A collection of publications, ephemera, and records collected by Sarah Anoke (AB 2009). Chiefly produced by the Harvard Black Students Association (BSA) and chiefly dating from the mid-2000s, the collection documents the experience of black college students on the Harvard campus. Among the publications are inBLACK, Outlook, Oral Tradition, Black & Crimson, Harvard-Radcliffe Freshman Black Table, and the Black Guide to Life at Harvard. Ephemera, in the form of posters, programs, and flyers, documents events chiefly sponsored by the BSA, including senior thesis receptions, commencement and reunion activities, and a black leadership conference. Scattered early ephemera from the 1970s documents the Harvard-Radcliffe Afro-American Cultural Center, a predecessor organization to the BSA. Student organizations represented in the collection include the Harvard Black Students Association, the Association of Black Harvard Women, the Harvard Black Men's Forum, the Kuumba Singers of Harvard College, BlackCAST, and the Harvard Spoken Word Society.
Open for research.
Dating from 1969 to 1974, the Records of the Standing Committee to Develop Afro-American Studies kept by Myles V. Lynk document Lynk’s work in the establishment of the Department of African and African American Studies at Harvard in 1969. Notes, memoranda, letters, and reports were created by members of the full Standing Committee to Develop Afro-American Studies and its subcommittees. Topics addressed include curriculum development, faculty appointments, budgeting, library resources, and the formation of the W. E. B. Du Bois Institute for Afro-American Research.
Box 1 of the Records of the Standing Committee to Develop Afro-American Studies kept by Myles V. Lynk is open for research. University records in Box 2 are restricted for 50 years from their date of creation. Student and personnel records in Box 2 are closed for 80 years from their date of creation. Specific restrictions are noted at the folder level in the finding aid.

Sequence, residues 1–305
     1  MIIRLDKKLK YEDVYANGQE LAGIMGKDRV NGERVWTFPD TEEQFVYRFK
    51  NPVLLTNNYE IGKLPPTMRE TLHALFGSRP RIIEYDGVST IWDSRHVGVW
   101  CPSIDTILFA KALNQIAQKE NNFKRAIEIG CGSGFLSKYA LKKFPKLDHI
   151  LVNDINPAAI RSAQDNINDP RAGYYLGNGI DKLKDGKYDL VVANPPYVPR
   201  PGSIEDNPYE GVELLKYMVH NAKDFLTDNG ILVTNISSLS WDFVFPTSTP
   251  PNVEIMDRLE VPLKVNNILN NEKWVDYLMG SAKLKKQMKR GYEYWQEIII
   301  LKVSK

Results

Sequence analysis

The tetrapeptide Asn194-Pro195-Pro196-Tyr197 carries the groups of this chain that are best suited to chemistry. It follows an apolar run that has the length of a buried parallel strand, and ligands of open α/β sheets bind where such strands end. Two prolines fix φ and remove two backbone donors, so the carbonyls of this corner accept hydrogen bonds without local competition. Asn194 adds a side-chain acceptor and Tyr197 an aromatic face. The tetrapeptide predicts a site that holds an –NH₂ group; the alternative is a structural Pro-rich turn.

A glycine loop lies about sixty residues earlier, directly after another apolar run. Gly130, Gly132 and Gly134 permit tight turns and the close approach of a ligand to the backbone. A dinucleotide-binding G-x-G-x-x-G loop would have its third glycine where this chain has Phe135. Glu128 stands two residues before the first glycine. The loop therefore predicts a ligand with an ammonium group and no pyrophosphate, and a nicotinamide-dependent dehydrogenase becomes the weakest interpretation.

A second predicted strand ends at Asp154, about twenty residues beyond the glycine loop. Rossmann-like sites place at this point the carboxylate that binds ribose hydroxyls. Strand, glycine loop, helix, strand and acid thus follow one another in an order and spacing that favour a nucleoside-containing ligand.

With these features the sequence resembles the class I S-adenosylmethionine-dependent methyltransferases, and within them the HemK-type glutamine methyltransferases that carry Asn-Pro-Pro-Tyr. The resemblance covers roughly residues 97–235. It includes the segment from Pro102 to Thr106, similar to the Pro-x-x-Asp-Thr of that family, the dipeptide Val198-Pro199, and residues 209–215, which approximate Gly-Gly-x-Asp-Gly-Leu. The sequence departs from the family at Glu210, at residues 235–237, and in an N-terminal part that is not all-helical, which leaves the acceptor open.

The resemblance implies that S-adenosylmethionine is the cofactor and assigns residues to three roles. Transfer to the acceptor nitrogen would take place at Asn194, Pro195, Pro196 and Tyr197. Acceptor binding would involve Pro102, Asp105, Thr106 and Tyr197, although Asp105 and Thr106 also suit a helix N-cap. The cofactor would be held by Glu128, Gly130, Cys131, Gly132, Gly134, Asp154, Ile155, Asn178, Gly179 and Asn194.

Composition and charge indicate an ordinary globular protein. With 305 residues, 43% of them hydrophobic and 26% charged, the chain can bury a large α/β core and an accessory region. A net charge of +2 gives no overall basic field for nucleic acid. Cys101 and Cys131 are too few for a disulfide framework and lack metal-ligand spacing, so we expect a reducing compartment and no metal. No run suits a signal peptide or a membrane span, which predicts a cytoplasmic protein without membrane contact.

Eileen Jackson Southern (1920-2002) was a professor of Afro-American Studies and Music at Harvard University from 1975 to 1987. Southern was the first African-American woman to be appointed as a tenured full professor at Harvard and is considered a preeminent authority on Renaissance and African-American music. During Southern’s time at Harvard, she taught courses on African-American and Renaissance music and was also an advocate for the advancement and recognition of the Afro-American Studies Department, chairing the department from 1976 until 1979. In 1979, Southern received a prestigious National Endowment of Humanities grant to fund the research for her co-authored work African-American Traditions in Song, Sermon, Tale and Dance, 1600s-1920: An Annotated Bibliography of Literature, Collections, and Artworks. In 1987, Southern retired from Harvard as Professor Emeritus. Southern died in Port Charlotte, Florida in 2002 at the age of 82.
This collection is open for research with the following exceptions: access to University records in the collection is restricted for 50 years from their date of creation. Student records in the collection are closed for 80 years from their date of creation. These restrictions apply to the Correspondence files series and are noted at the folder level in the finding aid.
Papers of Nathan I. Huggins, 1927-1990 (inclusive) (HUGFP 91.20)
Nathan Huggins was W.E.B. Dubois Professor of History and Afro-American Studies and Director of the Dubois Institute for Afro-American Research at Harvard from 1980 to 1989. The collection contains correspondence, memoranda, curriculum and lecture materials, diary, manuscripts and galleys for published works, project and grant proposals, audio tapes, printed materials, research notes and other papers relating to Nathan Huggins' work as professor of history and Afro-American studies and as a Harvard administrator.
This collection is open for research with the following exceptions: access to University records in the collection is restricted for 50 years from their date of creation. Student records in the collection are closed for 80 years from their date of creation. Requires preliminary review by archivists.